Mortgages

Mortgagor cannot challenge foreclosure because of lack of evidence of valid mortgage assignments

The Nebraska Supreme Court has joined other courts that have held that a bank that holds the mortgage note may foreclose on the property even if there is no evidence of a valid chain of mortgage assignments and some doubt about whether the foreclosing party has the right to foreclose. Marcuzzo v. Bank of the West, 862 N.W.2d 281 (Neb. 2015). The theory is that the holder of...

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No statute of limitations bars a claim to set aside a forged deed and subsequent mortgage

The New York Court of Appeals had reaffirmed the traditional rule that forged deeds do not convey title. It has clarified that no statute of limitations bars a challenge to a forged deed even if the purported owner has subsequently transferred interests in the land to a subsequent mortgagee who had no notice of the forgery. Faison v. Lewis, 32 N.E.3d 400 (N.Y. 2015). The Court ruled that the third party purchaser is not a "bona fide...

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Third Circuit supports MERS, holds that Pa. law does not require mortgage transfers to be recorded to be valid

Pennsylvania statutes have language that might have been interpreted to require transfers of interests in land (through deeds or mortgages) to be recorded to be valid. If true, that would have undermined the MERS system of mortgage registration. But the Third Circuit gave MERS a win and interpreted Pennsylvania law to recognize mortgage transfers at the moment they are signed; recording is not required for the transfer of the property interest to be valid but is simply for the convenience of the parties and subsequent conveyees. The case,...

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Foreclosure complaint can subject law firm & bank to a claim for violating the Fair Debt Collection Practices Act (FDCPA)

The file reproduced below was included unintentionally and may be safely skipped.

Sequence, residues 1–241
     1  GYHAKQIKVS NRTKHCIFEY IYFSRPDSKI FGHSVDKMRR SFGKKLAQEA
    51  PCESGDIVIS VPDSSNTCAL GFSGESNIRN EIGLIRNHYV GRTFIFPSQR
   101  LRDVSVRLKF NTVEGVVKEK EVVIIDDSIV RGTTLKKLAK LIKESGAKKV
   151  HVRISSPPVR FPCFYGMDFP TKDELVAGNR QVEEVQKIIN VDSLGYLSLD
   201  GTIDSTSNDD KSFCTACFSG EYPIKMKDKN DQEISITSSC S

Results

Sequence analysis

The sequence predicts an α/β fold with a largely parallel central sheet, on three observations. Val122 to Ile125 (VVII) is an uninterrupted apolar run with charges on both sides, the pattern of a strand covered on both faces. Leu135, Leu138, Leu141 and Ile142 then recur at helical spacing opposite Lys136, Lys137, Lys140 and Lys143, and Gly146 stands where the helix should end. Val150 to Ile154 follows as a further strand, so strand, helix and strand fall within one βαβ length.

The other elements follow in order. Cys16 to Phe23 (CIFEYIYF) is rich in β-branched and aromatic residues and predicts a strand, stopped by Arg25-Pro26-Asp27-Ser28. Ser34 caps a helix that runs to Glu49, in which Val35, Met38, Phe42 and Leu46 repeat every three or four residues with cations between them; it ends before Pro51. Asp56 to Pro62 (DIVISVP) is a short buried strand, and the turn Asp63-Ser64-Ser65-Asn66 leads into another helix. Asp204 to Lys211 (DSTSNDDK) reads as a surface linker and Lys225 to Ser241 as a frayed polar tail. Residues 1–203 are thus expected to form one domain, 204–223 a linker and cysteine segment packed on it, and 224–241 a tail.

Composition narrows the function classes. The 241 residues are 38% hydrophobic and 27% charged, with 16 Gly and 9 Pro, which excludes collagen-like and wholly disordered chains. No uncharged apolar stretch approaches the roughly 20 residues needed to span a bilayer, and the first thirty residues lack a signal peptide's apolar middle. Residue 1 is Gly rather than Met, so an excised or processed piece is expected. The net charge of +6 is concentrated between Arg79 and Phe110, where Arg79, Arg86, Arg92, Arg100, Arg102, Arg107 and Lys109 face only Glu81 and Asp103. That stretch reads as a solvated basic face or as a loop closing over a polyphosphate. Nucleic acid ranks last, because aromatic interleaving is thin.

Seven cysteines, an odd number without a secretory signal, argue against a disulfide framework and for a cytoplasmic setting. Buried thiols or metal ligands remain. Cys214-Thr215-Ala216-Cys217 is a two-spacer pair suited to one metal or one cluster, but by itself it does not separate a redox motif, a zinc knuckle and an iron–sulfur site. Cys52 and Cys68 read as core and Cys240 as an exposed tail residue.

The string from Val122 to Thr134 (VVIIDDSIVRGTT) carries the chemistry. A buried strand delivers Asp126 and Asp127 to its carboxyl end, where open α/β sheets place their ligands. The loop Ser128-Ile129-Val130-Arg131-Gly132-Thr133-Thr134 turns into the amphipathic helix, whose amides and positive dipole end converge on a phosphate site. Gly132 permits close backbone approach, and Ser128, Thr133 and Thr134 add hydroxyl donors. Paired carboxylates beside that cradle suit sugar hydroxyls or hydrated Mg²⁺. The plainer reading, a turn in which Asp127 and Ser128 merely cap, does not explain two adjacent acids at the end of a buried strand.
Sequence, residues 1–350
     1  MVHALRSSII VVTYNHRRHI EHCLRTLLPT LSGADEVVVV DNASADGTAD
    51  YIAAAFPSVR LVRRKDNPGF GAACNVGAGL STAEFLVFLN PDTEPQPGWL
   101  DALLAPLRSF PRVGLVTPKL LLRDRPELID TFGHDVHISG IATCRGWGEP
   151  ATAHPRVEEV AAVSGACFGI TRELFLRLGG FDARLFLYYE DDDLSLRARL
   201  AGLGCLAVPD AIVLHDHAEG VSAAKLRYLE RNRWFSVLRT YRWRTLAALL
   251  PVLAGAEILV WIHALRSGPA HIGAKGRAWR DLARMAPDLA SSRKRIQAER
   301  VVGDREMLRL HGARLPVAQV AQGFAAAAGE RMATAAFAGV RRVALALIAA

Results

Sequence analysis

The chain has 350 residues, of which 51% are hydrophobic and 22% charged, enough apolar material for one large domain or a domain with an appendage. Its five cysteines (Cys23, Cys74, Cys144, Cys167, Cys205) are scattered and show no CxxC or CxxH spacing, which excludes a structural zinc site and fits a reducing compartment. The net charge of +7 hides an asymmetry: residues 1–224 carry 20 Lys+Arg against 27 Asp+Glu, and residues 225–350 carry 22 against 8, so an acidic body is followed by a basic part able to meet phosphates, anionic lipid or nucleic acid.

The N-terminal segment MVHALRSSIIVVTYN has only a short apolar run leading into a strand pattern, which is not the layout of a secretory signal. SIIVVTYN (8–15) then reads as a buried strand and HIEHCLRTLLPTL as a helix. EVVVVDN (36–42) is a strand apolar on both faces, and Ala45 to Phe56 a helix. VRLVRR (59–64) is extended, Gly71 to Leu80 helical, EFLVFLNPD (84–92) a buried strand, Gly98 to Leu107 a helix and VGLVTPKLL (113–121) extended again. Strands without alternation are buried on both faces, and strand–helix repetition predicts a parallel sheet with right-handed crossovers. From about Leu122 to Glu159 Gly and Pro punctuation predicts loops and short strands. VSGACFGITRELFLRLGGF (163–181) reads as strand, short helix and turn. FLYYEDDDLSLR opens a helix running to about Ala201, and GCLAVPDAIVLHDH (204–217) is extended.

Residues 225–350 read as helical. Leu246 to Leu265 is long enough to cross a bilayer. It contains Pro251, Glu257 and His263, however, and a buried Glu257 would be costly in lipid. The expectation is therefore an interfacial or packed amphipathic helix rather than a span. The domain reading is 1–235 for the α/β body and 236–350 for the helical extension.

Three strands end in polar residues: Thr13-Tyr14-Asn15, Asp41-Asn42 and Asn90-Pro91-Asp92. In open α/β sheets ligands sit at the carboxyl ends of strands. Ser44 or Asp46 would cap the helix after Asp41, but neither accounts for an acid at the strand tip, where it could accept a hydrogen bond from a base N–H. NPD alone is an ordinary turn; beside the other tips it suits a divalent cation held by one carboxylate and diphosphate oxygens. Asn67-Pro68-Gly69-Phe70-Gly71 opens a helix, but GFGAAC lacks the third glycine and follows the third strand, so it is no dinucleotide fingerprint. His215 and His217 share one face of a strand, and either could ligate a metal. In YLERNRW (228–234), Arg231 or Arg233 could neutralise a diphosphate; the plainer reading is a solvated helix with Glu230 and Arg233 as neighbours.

The Fair Debt Collection Practices Act (FDCPA), 15 U.S.C. § 1692 et seq., regulates the processes by which debts are collected. The Third Circuit has agreed with other courts in holding that the filing of a foreclosure complaint can subject both the plaintiff bank and the lawyers filing the complaint to liability under the FDCPA. In the case of Kaymark v. Bank of America, N.A., 783 F.3d 168 (3d Cir. 2015), the allegation was that the complaint...

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Postforeclosure judicial process satisfies due process clause

The Sixth Circuit has ruled that nonjudicial foreclosure satisfies constitutional due process requirements because the homeowner/borrower was given notice of the foreclosure and notice of who to cure the default or seek a loan modification and how to redeem the property (get it back) after the foreclosure sale during a six-month redemption period. Garcia v. Fed. Nat'l Mortg. Ass'n,  782 F.3d 736 (6th Cir. 2015). These statutory procedures...

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Mortgage can be equitably reformed because of mutual mistake